SQUIRREL! (Or, Dealing With Distractions)

Wow. Keeping a five-year old’s attention is a chore. At least it is with our little dude.

We’ve been trying different ways to help him listen to Good Dirt devotions. Sometimes I start making things up during the reading to see if he notices (“then Peter got on a motorcycle and started doing wheelies!”) His sister thinks it’s hilarious, but usually it goes over his head. One night we tried offering him M&M’s if he could answer questions based on the reading. But mostly we just say stuff like “Are you paying attention?” “Stop squirming.” “Get off of your sister!” “What did I just say?”

I figured it would get better after he got into the habit of daily devotions, but alas, three months in we’re still dealing with distractions every night. Not unlike the dog from Up.

It’s hard to help everyone keep focused night after night. I might have a better attention span than a kindergartener, but I’m not immune to distractions (case in point: I’m writing this blog post while watching the Olympics, texting and playing a game on my smartphone). In fact, I think the distractions are what have derailed our family devotions in the past. After the excitement of Advent and Christmas, we tend to run out of gas after a month or so–then we get distracted with other things and the habit slips away.

Epiphany is also called Ordinary time. Carolyn has been learning a lot lately about finding God in the ordinary, but doing that takes discipline to avoid distractions. Because the ordinary seems so–well, ordinary. It’s easy to get caught up with distractions and miss the still-small voice. But God is patiently waiting to give us the gift of His presence if we’ll put down the phone, turn off the TV and listen.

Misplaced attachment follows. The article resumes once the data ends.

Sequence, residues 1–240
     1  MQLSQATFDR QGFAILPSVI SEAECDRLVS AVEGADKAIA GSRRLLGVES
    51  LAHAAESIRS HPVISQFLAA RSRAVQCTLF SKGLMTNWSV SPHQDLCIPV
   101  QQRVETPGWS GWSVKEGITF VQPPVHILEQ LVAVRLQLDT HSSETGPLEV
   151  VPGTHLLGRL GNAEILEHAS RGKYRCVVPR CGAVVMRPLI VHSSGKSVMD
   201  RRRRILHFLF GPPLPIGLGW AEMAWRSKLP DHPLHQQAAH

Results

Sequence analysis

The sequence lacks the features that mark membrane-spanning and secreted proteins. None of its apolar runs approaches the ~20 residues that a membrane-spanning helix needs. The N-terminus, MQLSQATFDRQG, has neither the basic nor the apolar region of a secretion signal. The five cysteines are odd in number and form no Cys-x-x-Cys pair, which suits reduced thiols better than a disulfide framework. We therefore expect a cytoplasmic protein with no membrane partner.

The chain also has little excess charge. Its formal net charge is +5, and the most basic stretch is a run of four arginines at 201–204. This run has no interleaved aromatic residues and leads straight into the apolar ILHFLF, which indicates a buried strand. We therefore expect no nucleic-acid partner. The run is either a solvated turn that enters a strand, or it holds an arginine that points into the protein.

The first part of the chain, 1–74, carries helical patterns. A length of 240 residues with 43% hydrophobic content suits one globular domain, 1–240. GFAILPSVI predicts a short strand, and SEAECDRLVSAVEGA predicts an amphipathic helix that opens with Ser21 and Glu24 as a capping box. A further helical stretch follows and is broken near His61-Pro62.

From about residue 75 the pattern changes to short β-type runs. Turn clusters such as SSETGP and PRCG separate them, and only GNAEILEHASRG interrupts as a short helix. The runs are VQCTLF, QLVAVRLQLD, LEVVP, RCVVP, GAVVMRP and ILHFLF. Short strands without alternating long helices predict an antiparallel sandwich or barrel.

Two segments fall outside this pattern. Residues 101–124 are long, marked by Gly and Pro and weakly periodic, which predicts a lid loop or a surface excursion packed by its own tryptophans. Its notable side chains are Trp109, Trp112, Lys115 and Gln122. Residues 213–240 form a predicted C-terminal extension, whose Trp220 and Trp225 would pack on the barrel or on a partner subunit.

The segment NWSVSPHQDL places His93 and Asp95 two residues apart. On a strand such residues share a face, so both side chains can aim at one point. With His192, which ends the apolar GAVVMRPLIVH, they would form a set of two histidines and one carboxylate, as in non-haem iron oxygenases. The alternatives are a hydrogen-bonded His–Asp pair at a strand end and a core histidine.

And stop chasing the squirrel.

Advertisements

Immanuel, God Still With Us

God Dancing

During Advent, my 5-year-old son, Jon, drew this picture. As part of one of our Good Dirt devotionals, we asked the kids to draw what it looked like for Jesus to come to earth. “This is great, buddy!” I said. “I can see baby Jesus in the manger on the left. And who is that on the right?” Jon answered, “That’s God, dancing in the hay!”

His words have stuck with me ever since. I loved Jon’s view of God, just dancing away, as His son was born here on earth. We spent much of Advent talking about Matthew 1:23: “’Behold, the virgin shall conceive and bear a son, and they shall call his name Immanuel’ (which means, God with us).” And in the weeks since then, I have thought about how Immanuel is not just for Christmas time. God is still with us. God is always with us.

On Christmas morning, celebrating the birth of Christ. God with us.